Posted on October 28, 2012
Not to overdo my two prior blog postings on the topic of school as a cultural phenomenon and sustaining a culture of learning, I want to comment briefly on another important aspect of school culture, and that is developing a culture of reflection. For about 15 years prior to our new home at Mid-Pacific Institute, which makes nearly 25 years currently, children coming through the elementary have had many years of experience reflecting on their learning in all content areas, from kindergarten through fifth grade. Asking students to select pieces of classroom work, write about their learning processes, identify their strengths, and consider how to improve their learning is called metacognition -- thinking about their thinking. During the past week or so, students have been reflecting on their learning and documenting their metacognitive assessments in writing, speaking, or drawing. These episodes of reflection are collected and stored in an electronic portfolio, which you'll have access to in December. So why do we spend so much time on reflection?
Because reflecting on your own learning engages an internalized self-assessment process that helps you improve and deepen your learning.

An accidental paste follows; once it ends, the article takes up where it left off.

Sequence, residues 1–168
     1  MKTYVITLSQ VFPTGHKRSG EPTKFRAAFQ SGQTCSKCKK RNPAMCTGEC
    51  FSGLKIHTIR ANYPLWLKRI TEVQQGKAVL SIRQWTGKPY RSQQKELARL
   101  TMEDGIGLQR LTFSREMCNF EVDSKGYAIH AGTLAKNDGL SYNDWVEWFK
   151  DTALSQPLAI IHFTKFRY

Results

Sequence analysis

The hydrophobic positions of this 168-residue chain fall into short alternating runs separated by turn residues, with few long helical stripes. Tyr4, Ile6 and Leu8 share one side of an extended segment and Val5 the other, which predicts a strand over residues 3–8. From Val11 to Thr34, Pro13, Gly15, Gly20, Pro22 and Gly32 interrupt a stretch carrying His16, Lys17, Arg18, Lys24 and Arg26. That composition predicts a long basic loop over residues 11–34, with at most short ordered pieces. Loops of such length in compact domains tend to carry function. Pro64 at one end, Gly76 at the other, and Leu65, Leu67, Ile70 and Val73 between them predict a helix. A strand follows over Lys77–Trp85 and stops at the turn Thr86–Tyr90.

Having a clear understanding of what you're good at, what you could do better, and how you can apply your learning to new situations is effective learning. Kindergartners engage in this reflective process with their teachers, who are knowledgeable about asking a variety of developmentally-appropriate questions or prompts that elicit different responses. By the time our students have matriculated to fourth and fifth grade, they quite naturally pause to reflect on their learning. It becomes second nature. This is how we develop a culture of reflection. Becoming reflective learners is one of the most important outcomes we intend for all students.
A quick update on iPad usage: iPads are alive and well! I've seen the tablets taken on field trips on- and off-campus for documentation purposes. Upper elementary students
use a web-based application such as Today's Meet, a backchannel for posting responses and ideas in real time for other classmates to read, or Edmodo, which is a safe social network in an educational setting for students. They use the iPad to take photos, capture video, record sounds or their own voices. They are also using the iPad as a tool to document their reflective processes, giving each student many different ways to enrich their learning, an excellent tool for promoting the culture of reflection we so much value.
For our children,
Edna L. Hussey